Invited Symposium: Hypertension III: Flow-Induced Vascular Remodeling
Vascular beds are designed to optimally supply oxygen to tissue while coping with a number of challenges, amongst others of mechanical origin. Thus, blood pressure results in a wall stress that needs to be carried by contractile and elastic filaments in the wall. Likewise, flowing blood exerts a shear stress on the endothelial lining. The design may be the result of evolution, i.e. have a genetic base, in combination with structural adaptation processes driven by wall stress and shear stress. The design includes the ability for wall stress and shear stress driven functional responses: respectively the myogenic response and flow-dependent dilation.
This contribution aims to provide some general considerations when trying to understand the role of acute and structural responses to flow and pressure in the adaptation of vascular networks. These considerations are based on two interaction schemes: Fig. 1, which depicts a single vessel, and Fig. 2, which indicates the hemodynamic interactions between multiple vessels within a network.
Fig. 1: a conceptual scheme of the interactions that could occur in the functional and structural responses to pressure and flow in a single segment. Dashed lines indicate structural effects.
Fig. 2: a conceptual scheme of diameter effects on local pressure and flow, shown for two segments.
First, functional and structural responses to mechanical stimuli interact. For a given pressure step, the acute response is myogenic tone development, resulting in constriction and thereby a smaller elevation of the wall stress. If this control loop were to have a very high gain, wall stress would be independent of the pressure, and there would be no obvious need for stress-driven structural changes. Yet, myogenic stress control is generally not perfect and accordingly a stimulus for structural changes does occur. In turn, the structural response affects the myogenic response: hypertrophy reduces wall stress, while remodeling (defined here as a shift in active and/or passive stress-strain relations) also affects the consequences of alterations in tone on diameter. A further possible interaction may result from an effect of the diameter on structural changes: would a long-lasting vasodilation eventually result in structural widening simply because newly formed elastic and contractile fibers have their resting or optimal length matched to the dilated diameter?
Secondly, for a single segment (Fig. 1) flow and pressure responses interact: both signals have to be combined at some point (here denoted by the circle) in order to result in a single functional response and possibly a single initiation of structural responses (pro-oncogene expression, phenotype modulation). Apart from these cellular interactions, for a given pressure and flow the shear stress response increases the wall stress (Laplace) and vice versa (third power dependancy of shear on diameter). Thus, there is a clear mechanical interaction.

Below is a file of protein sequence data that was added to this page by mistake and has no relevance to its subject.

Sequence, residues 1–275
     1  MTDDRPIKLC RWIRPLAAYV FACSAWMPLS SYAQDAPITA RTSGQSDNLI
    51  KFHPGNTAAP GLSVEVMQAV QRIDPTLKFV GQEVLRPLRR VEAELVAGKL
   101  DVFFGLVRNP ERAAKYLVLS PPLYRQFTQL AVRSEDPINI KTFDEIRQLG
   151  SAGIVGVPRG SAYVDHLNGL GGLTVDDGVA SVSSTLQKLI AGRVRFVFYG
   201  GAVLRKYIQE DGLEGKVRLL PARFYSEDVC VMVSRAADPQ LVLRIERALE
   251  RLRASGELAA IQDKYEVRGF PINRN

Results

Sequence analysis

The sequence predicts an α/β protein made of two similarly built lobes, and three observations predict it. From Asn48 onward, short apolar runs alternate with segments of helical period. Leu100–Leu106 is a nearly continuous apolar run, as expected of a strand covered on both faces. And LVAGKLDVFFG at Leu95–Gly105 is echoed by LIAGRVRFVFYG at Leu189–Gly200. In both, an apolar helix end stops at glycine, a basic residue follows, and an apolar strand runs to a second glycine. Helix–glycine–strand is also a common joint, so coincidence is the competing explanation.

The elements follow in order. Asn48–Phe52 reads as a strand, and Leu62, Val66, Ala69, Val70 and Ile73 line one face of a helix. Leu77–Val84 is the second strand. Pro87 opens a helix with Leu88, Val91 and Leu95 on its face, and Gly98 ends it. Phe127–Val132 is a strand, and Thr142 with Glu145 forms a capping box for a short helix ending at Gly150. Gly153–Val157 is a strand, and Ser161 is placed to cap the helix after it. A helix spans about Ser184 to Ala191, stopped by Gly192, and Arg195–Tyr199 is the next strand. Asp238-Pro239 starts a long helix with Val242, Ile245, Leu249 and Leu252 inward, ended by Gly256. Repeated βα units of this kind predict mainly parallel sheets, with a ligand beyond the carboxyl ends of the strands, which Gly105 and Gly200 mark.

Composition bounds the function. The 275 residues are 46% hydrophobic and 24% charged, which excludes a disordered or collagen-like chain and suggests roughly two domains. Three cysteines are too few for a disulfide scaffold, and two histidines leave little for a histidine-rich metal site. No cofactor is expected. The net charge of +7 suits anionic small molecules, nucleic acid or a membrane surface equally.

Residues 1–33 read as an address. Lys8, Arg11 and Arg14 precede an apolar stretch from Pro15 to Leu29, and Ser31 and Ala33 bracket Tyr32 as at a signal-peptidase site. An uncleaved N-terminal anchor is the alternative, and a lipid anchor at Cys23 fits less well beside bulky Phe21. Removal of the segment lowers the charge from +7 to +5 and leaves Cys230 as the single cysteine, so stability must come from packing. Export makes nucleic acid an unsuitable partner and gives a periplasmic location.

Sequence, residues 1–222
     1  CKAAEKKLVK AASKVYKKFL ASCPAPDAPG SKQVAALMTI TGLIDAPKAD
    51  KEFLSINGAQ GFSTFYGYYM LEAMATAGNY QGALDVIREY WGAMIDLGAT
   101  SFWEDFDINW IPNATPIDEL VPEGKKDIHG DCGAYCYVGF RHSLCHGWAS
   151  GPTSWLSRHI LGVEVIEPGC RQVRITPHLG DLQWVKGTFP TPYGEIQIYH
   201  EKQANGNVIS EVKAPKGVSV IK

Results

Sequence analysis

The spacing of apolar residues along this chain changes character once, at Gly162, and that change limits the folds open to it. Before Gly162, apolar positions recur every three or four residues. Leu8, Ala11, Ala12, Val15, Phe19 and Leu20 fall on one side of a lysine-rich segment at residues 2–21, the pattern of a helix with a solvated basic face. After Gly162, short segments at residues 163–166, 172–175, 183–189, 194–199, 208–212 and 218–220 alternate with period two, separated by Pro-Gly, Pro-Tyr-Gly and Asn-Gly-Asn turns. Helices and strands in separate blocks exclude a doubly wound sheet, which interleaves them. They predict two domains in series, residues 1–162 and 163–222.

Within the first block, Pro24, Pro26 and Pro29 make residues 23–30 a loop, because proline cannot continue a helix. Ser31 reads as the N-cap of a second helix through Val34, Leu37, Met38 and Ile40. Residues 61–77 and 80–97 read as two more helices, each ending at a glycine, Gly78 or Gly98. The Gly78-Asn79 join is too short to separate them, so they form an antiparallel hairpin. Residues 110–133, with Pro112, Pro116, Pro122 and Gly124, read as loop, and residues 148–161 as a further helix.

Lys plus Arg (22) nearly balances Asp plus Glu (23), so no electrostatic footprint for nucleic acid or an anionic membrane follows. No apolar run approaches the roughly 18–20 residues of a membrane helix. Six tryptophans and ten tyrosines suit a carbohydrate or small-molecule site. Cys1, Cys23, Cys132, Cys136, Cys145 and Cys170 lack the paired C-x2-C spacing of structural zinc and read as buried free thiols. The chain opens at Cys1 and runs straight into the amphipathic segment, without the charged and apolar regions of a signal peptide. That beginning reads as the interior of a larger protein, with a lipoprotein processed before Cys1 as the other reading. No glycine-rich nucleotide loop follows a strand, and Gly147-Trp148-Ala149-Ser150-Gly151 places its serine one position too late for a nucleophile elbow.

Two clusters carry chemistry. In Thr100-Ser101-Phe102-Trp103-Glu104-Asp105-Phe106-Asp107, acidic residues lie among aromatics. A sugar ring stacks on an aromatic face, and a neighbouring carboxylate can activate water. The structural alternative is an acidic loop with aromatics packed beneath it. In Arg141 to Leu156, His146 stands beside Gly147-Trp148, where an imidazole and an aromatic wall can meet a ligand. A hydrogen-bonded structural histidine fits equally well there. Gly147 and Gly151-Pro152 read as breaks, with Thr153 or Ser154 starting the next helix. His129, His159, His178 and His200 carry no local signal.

Thirdly, vessels operate in a network (Fig.2). Consequently, the responses of any segment to pressure or flow influences the pressure and flow for that segment as well as all others. These influences critically depend on the connection matrix of the segments. The network behaviour may not be easy to predict from the responses of individual vessels. As an exmple, it is easily shown that vascular adaptation to only shear stress is a stable process in models of single vessels, resulting in a third-power dependency of diameter on flow (Q =c×d3). This third-power law implies that diameters in mother and daughter vessels also are related by their third powers, and indeed this appears to be the case when studying branching patterns, although exceptions exist (VanBavel and Spaan, Circ Res 71:1200-1212, 1992). The third-power relation also has been considered optimal in terms of cost functions associated with perfusion (Murray, PNAS 12:207-214,1926), and based on the single vessel shear stress response it is tempting to speculate that shear stress adaptation is a mechanism for optimization of vascular diameters. However, models of complete networks equipped with this adaptation rule show massive rarefaction and end up as a single preferential channel (Hacking et al, Am J Physiol 270: H364-H375, 1996). Thus, shear stress alone can not be sufficient to control growth of vascular networks.
All these interactions (let alone the interactions with non-mechanical factors) seem complicated, and it is tempting to restricts one's focus to a single aspect (only functional or only structural, or isolated vessel studies without consideration of network properties). However, a true understanding of local flow control needs an integrative approach. The challenge for the coming years will be to translate conceptual schemes such as both figures in this contribution to complete, quantitative integrative models. Due to the complexity of such models, this can no longer be done by one or a few labs, and, in the spirit of the physiome project, needs also an integration of information provided by all labs working on the matter.
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|VanBavel, E; (1998). Functional and Structural Control of Vascular Dimensions by Pressure and Flow.. Presented at INABIS '98 - 5th Internet World Congress on Biomedical Sciences at McMaster University, Canada, Dec 7-16th. Invited Symposium. Available at URL http://www.mcmaster.ca/inabis98/prewitt/vanbavel0654/index.html|
|© 1998 Author(s) Hold Copyright|